POLITICS

Michelle Pfeiffer Joins Board Of Top Environmental Group

The "Hairspray" star is the latest Hollywood celebrity to get serious about climate activism.
Michelle Pfeiffer is the first Hollywood star to join EWG's board. 
Michelle Pfeiffer is the first Hollywood star to join EWG's board. 

Michelle Pfeiffer has joined the board of directors at Environmental Working Group, adding celebrity firepower to one of the country’s most powerful consumer research and advocacy groups. 

The “Batman Returns” star is the first Hollywood celebrity to lead the Washington, D.C.-based nonprofit, which focuses on farm subsidies and the health effects of toxic chemicals used in food, cosmetics and fossil fuel drilling and mining. The group, which pulled in $13.6 million in revenue last year, regularly releases consumer guides on food, makeup and sunscreen, and publishes an annual list of the “dirty dozen” fruits and vegetables with the highest amounts of pesticide residue.

“Like millions of parents, I’ve relied on EWG research for many years to help my family avoid toxic chemicals and lead a healthier life,” Pfeiffer, 58, said in a statement. “And now more than ever, we need EWG to lead the fight for a clean environment in Washington.”

EWG certainly has its work cut out for it. President-elect Donald Trump’s proposed cabinet picks so far seem set to roll back years of progress on environmental policy. His pick for commerce secretary is a billionaire coal baron. His pick for transportation secretary has longstanding links to the coal industry. His pick to lead the Environmental Protection Agency is a climate science denier with deep ties to oil and gas companies. And his pick for secretary of state is the chief executive of Exxon Mobil, which is under investigation by state attorneys general for covering up evidence of global warming for decades.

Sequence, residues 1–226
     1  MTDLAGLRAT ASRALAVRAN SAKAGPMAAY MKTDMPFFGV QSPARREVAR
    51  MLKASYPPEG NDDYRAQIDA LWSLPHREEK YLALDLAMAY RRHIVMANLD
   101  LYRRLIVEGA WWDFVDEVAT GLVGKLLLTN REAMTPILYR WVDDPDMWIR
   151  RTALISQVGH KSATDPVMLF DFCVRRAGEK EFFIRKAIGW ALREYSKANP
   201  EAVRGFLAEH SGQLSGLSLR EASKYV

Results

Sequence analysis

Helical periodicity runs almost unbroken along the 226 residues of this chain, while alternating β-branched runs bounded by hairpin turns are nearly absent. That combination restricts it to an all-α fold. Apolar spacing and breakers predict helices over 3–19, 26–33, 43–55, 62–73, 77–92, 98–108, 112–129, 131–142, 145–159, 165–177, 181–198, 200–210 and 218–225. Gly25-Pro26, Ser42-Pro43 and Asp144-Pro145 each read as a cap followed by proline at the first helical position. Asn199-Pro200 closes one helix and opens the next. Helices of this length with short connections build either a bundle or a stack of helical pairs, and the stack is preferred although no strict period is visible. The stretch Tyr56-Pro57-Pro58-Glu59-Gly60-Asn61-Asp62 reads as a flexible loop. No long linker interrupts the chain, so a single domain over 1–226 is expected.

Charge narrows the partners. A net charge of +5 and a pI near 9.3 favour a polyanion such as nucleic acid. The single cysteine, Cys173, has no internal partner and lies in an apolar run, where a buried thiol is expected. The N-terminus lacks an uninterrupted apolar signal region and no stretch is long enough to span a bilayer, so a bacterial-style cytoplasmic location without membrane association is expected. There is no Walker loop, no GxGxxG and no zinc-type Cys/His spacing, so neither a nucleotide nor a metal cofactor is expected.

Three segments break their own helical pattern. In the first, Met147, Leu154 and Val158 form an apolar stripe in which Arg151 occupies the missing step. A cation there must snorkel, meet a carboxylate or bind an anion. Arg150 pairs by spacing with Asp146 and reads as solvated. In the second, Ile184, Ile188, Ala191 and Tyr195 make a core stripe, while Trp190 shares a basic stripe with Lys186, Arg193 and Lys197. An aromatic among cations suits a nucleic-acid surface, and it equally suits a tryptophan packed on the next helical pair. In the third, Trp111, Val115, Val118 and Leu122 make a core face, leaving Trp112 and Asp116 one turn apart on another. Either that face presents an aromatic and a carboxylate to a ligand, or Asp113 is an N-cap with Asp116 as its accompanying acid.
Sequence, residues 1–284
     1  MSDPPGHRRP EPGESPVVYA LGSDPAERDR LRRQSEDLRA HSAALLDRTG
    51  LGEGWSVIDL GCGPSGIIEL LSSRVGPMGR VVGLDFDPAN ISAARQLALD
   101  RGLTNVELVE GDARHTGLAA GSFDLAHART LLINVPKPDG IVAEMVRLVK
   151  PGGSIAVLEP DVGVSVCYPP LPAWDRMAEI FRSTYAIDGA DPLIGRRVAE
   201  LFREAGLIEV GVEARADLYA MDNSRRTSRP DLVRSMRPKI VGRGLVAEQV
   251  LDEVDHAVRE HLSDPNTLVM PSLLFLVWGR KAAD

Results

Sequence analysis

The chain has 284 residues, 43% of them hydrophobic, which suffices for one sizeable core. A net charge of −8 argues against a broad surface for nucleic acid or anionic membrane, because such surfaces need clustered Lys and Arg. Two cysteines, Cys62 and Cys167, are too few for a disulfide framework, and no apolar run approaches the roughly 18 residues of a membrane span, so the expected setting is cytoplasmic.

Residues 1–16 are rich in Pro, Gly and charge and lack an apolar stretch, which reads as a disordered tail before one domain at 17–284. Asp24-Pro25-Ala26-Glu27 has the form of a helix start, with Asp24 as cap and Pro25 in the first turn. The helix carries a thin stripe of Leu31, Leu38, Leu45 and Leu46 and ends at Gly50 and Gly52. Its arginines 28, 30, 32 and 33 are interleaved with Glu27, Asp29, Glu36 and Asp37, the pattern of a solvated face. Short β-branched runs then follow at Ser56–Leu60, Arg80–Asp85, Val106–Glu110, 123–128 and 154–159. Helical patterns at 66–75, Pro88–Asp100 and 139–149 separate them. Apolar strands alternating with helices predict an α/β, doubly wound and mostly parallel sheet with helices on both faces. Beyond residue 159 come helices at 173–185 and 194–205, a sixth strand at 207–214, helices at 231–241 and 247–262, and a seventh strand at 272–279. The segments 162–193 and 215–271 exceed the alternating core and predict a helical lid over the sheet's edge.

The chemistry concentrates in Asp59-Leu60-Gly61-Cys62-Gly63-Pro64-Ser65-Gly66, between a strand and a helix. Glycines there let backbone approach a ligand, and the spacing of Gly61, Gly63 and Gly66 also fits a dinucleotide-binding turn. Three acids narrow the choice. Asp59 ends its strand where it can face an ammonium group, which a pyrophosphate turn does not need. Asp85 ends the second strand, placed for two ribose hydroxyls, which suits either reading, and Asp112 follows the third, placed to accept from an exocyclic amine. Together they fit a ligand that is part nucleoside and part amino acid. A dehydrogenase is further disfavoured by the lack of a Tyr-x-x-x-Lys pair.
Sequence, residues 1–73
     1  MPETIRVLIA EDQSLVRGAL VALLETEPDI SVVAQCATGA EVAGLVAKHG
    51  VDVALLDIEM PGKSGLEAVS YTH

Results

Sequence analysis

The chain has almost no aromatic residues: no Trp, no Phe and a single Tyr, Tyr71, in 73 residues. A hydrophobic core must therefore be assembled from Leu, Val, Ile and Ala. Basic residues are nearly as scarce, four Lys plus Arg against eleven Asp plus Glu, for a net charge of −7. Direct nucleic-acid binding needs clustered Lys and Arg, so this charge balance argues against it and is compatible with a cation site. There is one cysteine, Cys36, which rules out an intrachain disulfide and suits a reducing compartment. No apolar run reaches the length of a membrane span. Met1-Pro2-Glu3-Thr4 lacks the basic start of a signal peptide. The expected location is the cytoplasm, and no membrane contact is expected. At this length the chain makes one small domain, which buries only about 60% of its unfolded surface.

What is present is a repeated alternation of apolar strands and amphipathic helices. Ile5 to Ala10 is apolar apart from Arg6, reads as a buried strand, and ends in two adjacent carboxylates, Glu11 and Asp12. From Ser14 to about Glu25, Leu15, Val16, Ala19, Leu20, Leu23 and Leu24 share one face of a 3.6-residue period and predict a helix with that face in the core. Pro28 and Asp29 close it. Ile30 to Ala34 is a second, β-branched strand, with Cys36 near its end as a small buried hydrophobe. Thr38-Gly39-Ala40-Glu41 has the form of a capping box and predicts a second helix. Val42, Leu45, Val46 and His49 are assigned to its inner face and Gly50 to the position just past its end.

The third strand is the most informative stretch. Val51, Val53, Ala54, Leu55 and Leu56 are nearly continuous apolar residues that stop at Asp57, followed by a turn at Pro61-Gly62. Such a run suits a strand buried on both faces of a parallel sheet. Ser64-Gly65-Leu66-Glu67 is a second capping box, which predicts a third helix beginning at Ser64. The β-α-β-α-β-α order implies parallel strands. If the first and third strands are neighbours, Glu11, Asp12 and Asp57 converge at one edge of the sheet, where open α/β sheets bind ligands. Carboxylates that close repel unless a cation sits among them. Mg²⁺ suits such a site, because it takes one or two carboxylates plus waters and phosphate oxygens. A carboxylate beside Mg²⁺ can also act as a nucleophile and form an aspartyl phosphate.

Nearly half of EWG's funding comes from individual donations. 
Nearly half of EWG's funding comes from individual donations. 

Trump, for his part, has repeatedly dismissed climate change as a “hoax” and vowed to shred President Barack Obama’s signature legislation for cutting carbon emissions. 

“Donald Trump has made it clear that he intends to wage war on clean air and clean water,” Benjamin Schreiber, climate and energy program director at the nonprofit Friends of the Earth, said in a statement last week. “Trump has also put our climate in peril and shown he is out of step with the American people.”

Environmental advocacy has long been a cause célèbre for Hollywood actors and musicians. But Pfeiffer joins a handful of A-list movie stars who have begun devoting serious time and resources to combatting climate change and environmental destruction.

“Spotlight” star Mark Ruffalo, who runs a water access nonprofit, emerged as a major advocate for residents in Flint, Michigan, where corroded lead pipes poisoned the city’s tap water. Leonardo DiCaprio released a documentary on global warming in October that some have called the “new ‘Inconvenient Truth’” ― a reference to Al Gore’s 2006 film that mainstreamed the issue of climate change. “Ghostbusters” actor Ed Begley Jr., who sits on the board of the Union of Concerned Scientists, hosts a web series about his solar-powered house in Los Angeles on the streaming network Evox Television.

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